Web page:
What has changed since January? Two particularly important events. First is the wage and inflation data. Maybe though that isn’t too important yet – policymakers like San Francisco Fed’s John Williams, Minneapolis Fed’s Neil Kashkari, and Cleveland Fed’s Loretta Mester have all tried to tamp down expectations that the Fed will over react to higher inflation. Remember that last year was a model for how to handle inflation surprises: Keep a focus on the medium term.
The second event is the new fiscal spending plans. Note that participants were already expressing concern that the tax cuts would have a larger impact than they expected. It seems then policy makers will almost certainly see greater upside risk from the additional spending. Where does that fit into the forecast? They have a choice – they can accelerate the pace of gradual by adding a fourth hike in 2018, or up the 2019 forecast from a two-plus-some to a full third hike. I think they go for that latter.
Why put the extra hike in 2019? A few reasons. First, by 2019 the economy will be hit with the full force of the spending, so it seems natural to tighten up a bit more then. Second, I think they will be wary of deviating too much from the “three hikes is gradual story” just yet. Fixed income markets are already primed to over react to any sign the Fed is changing course. It appears central bankers are working to quell such concerns. It will be hard to do so if “gradual” suddenly becomes “faster.” That has taper-tantrum written all over it. Three, it would be the Fed at odds with the White House after Powell’s very first press conference. Equities would take a hit and every financial headline would read something like “Fed Squashes Trump’s Growth Agenda With Faster Rate Hikes.” I think the Fed really needs to be sure about what they are doing before they head down that road. I know, the Fed isn’t supposed to worry about such things. Except in the real world they do.
And one more reason: The Fed could be raising its estimate of the neutral rate. Back to the minutes:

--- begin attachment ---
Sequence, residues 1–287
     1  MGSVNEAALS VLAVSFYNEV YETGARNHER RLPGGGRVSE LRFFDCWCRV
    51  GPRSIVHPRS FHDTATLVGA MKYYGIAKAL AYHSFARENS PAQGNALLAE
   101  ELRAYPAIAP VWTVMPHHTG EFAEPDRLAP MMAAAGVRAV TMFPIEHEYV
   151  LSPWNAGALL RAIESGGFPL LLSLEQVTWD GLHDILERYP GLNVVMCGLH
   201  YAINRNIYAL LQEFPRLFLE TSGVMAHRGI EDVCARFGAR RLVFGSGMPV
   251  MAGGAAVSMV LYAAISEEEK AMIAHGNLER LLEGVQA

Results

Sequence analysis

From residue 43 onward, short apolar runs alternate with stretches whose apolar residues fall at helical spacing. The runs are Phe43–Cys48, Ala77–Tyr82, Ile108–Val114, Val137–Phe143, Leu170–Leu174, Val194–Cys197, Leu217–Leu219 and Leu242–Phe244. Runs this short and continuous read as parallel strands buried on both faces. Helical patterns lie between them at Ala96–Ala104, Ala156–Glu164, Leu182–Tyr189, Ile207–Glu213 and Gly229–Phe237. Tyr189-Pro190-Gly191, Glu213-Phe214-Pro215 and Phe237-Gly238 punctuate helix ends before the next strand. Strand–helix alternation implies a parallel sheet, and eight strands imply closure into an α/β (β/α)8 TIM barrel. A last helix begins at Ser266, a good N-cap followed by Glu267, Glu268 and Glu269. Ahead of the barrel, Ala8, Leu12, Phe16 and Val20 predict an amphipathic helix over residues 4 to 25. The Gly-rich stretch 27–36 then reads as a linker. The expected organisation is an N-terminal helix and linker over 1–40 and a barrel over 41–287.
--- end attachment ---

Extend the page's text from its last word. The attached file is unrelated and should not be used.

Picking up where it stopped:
Some participants also commented on the likely evolution of the neutral federal funds rate. By most estimates, the neutral level of the federal funds rate had been very low in recent years, but it was expected to rise slowly over time toward its longer-run level. However, the outlook for the neutral rate was uncertain and would depend on the interplay of a number of forces. For example, the neutral rate, which appeared to have fallen sharply during the Global Financial Crisis when financial headwinds had restrained demand, might move up more than anticipated as the global economy strengthened. Alternatively, the longer-run level of the neutral rate might remain low in the absence of fundamental shifts in trends in productivity, demographics, or the demand for safe assets.
You can view the relative buoyancy of financial conditions – the past few weeks notwithstanding – as an indication that the neutral rate is rising as the wounds of the financial crisis heal. And perhaps more importantly, although the demand for safe assets might still be high, the combined tax cuts and spending increases seem certain to increase the supply of safe assets. This too should put upward pressure on the neutral rate.
If the estimate of the neutral rate rises, then expected policy rates will need to rise as well to ease the unemployment rate back to the Fed’s longer run estimate. I think the Fed would slide this into the 2019 and 2020 forecasts. This preserves the current gradual part, important because they fear that accelerating the current path raises the risk of recession. In this scenario, the fiscal stimulus extends the tightening cycle, raises the terminal rate, raises the neutral rate, and pushes out the timing of the next recession.
Bottom Line: The Fed is more confident than any time in the past nine months that they will hit their inflation target under the current set of rate projections. Doves in particular had the farthest to move; centrists and hawks already saw the 2017 inflation shortfall as temporary. The risk is that the Fed finds a fourth rate hike in 2018 necessary, but I don’t think they will want to move there until they have more data, maybe by June. But the great fiscal stimulus and larger budget deficit should show up somewhere. I am thinking that is in 2019 and 2020 rate projections and the neutral rate estimates. Given the Fed-speak to date, that seems more likely to me to happen in March than an acceleration of the pace of hikes.